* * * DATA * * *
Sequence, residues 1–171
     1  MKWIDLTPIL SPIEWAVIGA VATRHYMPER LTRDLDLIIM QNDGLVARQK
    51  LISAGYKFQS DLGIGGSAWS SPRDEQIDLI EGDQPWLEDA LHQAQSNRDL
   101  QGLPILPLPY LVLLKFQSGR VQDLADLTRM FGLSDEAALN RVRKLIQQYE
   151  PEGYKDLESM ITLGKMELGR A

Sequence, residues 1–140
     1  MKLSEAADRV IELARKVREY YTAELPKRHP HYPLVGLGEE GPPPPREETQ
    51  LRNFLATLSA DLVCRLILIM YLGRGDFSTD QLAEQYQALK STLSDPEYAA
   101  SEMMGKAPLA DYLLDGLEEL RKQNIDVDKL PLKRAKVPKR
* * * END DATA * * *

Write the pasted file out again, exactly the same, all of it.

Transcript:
Sequence, residues 1–171
     1  MKWIDLTPIL SPIEWAVIGA VATRHYMPER LTRDLDLIIM QNDGLVARQK
    51  LISAGYKFQS DLGIGGSAWS SPRDEQIDLI EGDQPWLEDA LHQAQSNRDL
   101  QGLPILPLPY LVLLKFQSGR VQDLADLTRM FGLSDEAALN RVRKLIQQYE
   151  PEGYKDLESM ITLGKMELGR A

Sequence, residues 1–140
     1  MKLSEAADRV IELARKVREY YTAELPKRHP HYPLVGLGEE GPPPPREETQ
    51  LRNFLATLSA DLVCRLILIM YLGRGDFSTD QLAEQYQALK STLSDPEYAA
   101  SEMMGKAPLA DYLLDGLEEL RKQNIDVDKL PLKRAKVPKR